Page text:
Chuck: More seriously, some arguments have noted that Hachette has maybe earned this spanking from Amazon. Certainly some publishers have helped feed the beast that is Amazon and have done poorly by their authors. I agree with that. This is not really the way to achieve parity and to improve things, by my mileage.
Joe: So bringing attention to unfair business practices like shitty royalties and Hachette wanting to raise ebook prices in order to inform readers and writers when previously they've only been hearing the misinformation the media is regurgitating—that's not the way to achieve parity and improve things?
What, praytell, does your mileage show you is the path to improvement? Maybe you should have blogged about that. Or blogged about something you actually know. Or not blogged at all.
Chuck: “High e-book prices are not good for readers, and they aren’t good for writers.”
I agree. But isn’t this how the market works? They charge too much and… people don’t buy it, so they’re forced to be competitive? Hasn’t that already happened? Perhaps I’m being naive here.
Joe: Naïve. Or purposely obtuse.
You know the price fixing, colluding Big Five paid millions in damages, right? Restitution to readers who paid too much. Apparently, some people do pay too much.
You know the price fixing was to stifle competition, so all the major houses could keep prices high, right? That's not how the market works, which is why the DOJ stepped in.
Chuck: “Amazon pays writers nearly six times what publishers pay us.”
Yes, and I am all for publishers paying authors more. But it’s also worth considering that Amazon is literally not your publisher. (I mean, they’re mine, but as Skyscape.) Amazon does very little for you except act as a receptacle for your book. Which might be genius. Which might be dogshit. They literally don’t care. It’s a socket and into it you can shove diamonds, candy, cat feces, bezoars, babies, whatever.
Joe: Can you post a pic of yourself shoving cat feces into a socket? Bonus points if your ears are bleeding in the same pic.
No, Amazon is not your publisher, because the writer keeps their rights. If Hachette offered me a contract where they would distribute my paper books and I kept the rights, I'd still be with them.
Chuck: The reason they don’t take a lot of that coin is because… they don’t do anything for you. Like edit. Market. Distribute physical copies. So on, so forth. Some authors want that, some don’t.
Joe: Agreed, KDP does nothing for authors. I mean, other than giving us the ability to sell our work to millions of Kindle and Kindle app owners on one the most popular online store in history.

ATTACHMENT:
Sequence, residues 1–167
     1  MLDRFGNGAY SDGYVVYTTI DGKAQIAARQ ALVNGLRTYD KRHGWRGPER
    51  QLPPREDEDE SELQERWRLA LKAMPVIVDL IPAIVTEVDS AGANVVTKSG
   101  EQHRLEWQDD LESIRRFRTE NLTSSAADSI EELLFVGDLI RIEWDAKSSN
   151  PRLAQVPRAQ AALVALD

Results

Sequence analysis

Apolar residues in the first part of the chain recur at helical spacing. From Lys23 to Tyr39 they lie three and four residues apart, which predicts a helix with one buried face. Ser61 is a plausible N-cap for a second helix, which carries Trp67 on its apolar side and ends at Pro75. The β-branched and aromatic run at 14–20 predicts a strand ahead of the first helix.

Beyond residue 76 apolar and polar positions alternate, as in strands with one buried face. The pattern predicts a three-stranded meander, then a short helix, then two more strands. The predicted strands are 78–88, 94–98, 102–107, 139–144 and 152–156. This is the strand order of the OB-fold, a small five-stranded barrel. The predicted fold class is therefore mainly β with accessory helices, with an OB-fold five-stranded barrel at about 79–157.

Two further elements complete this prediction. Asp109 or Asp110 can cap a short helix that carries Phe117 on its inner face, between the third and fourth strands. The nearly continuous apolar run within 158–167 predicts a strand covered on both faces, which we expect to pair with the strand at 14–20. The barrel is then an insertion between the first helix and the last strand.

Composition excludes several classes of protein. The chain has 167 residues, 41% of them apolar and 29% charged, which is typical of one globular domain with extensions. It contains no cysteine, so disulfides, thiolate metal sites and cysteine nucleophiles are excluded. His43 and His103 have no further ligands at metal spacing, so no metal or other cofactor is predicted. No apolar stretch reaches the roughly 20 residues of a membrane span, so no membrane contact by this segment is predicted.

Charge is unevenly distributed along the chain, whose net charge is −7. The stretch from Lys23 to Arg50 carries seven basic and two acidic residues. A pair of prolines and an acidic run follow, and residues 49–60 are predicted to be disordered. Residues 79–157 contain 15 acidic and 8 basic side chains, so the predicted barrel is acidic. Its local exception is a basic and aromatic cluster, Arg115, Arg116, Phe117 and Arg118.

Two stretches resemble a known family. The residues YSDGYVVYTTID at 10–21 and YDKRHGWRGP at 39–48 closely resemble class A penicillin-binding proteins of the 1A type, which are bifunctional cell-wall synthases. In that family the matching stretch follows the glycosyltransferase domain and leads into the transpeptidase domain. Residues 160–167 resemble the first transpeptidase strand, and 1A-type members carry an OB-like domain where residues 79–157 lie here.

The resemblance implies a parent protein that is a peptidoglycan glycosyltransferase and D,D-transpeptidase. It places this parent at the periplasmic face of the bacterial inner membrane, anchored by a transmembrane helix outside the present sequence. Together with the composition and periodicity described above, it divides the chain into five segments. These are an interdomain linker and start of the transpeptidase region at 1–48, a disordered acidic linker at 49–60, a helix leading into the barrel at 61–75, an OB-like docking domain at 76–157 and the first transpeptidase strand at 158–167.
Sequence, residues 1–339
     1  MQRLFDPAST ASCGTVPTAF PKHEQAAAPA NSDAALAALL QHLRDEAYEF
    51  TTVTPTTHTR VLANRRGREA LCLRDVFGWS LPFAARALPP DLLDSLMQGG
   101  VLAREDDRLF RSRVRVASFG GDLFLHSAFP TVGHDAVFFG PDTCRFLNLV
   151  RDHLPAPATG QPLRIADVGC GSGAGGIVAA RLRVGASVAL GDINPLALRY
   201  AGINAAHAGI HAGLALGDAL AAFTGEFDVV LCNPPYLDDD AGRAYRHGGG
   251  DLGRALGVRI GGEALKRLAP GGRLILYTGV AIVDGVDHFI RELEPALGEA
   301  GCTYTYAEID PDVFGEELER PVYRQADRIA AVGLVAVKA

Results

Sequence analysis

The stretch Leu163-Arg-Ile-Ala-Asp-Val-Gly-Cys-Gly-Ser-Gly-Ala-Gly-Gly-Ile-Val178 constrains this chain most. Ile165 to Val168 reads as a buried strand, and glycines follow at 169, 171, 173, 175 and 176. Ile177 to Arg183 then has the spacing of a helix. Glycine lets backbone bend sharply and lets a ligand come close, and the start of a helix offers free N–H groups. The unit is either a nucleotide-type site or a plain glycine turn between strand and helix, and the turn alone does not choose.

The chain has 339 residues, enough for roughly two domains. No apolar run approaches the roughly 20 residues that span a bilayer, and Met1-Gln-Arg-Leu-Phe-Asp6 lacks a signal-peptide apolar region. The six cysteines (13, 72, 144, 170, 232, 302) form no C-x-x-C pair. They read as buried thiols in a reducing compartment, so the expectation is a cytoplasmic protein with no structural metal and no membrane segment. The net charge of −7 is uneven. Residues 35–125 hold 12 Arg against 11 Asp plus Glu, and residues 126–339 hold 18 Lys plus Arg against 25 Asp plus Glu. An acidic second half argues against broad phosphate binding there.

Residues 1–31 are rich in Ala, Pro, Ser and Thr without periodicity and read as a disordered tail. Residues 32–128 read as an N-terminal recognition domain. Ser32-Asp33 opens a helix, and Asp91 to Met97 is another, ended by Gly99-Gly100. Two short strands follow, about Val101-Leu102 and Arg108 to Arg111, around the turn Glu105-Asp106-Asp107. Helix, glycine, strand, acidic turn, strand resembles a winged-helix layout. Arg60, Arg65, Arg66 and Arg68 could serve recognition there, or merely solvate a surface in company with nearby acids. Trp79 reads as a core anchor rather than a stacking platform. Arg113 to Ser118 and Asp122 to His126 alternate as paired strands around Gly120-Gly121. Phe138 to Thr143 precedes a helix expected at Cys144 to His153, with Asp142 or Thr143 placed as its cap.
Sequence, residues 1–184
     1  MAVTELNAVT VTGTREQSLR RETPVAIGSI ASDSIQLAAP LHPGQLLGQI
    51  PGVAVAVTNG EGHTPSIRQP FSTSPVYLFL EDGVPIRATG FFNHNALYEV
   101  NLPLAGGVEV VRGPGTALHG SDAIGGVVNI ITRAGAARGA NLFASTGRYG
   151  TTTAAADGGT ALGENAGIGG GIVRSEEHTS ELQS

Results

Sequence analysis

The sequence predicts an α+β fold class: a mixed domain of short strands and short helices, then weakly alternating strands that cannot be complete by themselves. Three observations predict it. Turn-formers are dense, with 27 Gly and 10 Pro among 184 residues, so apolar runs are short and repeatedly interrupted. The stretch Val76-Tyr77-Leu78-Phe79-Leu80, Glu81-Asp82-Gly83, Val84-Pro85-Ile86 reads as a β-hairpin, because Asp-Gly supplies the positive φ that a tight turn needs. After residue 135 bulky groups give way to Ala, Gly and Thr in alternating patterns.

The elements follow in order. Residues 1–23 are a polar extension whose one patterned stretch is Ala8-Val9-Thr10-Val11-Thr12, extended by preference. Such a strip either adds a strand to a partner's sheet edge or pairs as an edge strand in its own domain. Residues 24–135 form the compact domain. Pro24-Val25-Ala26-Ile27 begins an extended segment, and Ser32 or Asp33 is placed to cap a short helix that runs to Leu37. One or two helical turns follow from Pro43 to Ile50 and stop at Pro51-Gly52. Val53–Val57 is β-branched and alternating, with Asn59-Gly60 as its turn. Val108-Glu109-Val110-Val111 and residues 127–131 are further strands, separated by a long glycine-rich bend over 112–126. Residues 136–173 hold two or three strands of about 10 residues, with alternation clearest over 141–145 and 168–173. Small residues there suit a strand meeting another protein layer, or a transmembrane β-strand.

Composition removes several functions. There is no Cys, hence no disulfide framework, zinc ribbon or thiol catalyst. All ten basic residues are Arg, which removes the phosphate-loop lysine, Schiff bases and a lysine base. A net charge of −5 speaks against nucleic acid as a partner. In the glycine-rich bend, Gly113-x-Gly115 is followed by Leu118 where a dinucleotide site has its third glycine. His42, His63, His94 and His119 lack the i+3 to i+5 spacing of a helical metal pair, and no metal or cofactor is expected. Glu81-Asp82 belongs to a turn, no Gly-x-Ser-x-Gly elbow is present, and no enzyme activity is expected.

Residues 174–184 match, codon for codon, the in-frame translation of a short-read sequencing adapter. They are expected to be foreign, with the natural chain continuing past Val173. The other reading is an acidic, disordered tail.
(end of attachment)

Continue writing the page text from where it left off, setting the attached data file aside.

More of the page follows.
Oh, and the ability to advertise, like the beta program I'm in.
Oh, and they distribute my physical copies through Createspace.
But you're right. They don't edit. Editing is easily worth the 52.5% royalties that publishers take. Forever. So good point, Chuck.
Chuck: The trick isn’t going ALL-IN with Amazon, the trick is demanding better from all publishers, all companies.
Joe: Like you've done in this blog post, where you demanded…
Well, you pretty much didn't demand anything from publishers or companies. You just said we shouldn't go all-in with Amazon. Which isn't something we put in the letter, so I have no idea why you're bringing it up. But at least you're finally trying to say something, I suppose.
Chuck: The trick is to support authors, not corporations. People over corporate entities. (This feels particularly tone deaf considering the CORPORATIONS HAVE OPINIONS shift with Hobby Lobby. Petitions in sympathy of companies is cuckoo banana sundae.)
Joe: And you're supporting authors in the blog post by…
As for the point of our petition, it spoke for itself, and I've also explained it to you here. But let's do it one more time! Bigshot authors and the media are painting Amazon as the bad guy. Our letter showed Amazon isn't the bad guy. If that's a cuckoo banana sundae (ha! The chuckles never stop with you!) then sign me up for one with extra chocolate syrup.
Chuck: “Hachette is looking out for their own interests, not the interests of writers or readers.”
And Amazon is not Mother Theresa tending to lepers.
Like, I can’t –
I don’t even?
What is happening?
Joe: Okay. I'll explain it again. You really seem confused as to our intent, but I'm a patient guy.
Hachette is whining in public, looking for sympathy. The media is reporting this. Many authors are pointing fingers at Amazon, saying they are bad.
This is all incorrect. That doesn't make Amazon Mother Theresa. But it makes them the one to back in this dispute. Right now, Amazon does a lot for readers and writers. I know you didn't bother to read our letter, but I urge you to take two hours (it'll take that long) to read the thousands of testimonials from people who signed the letter.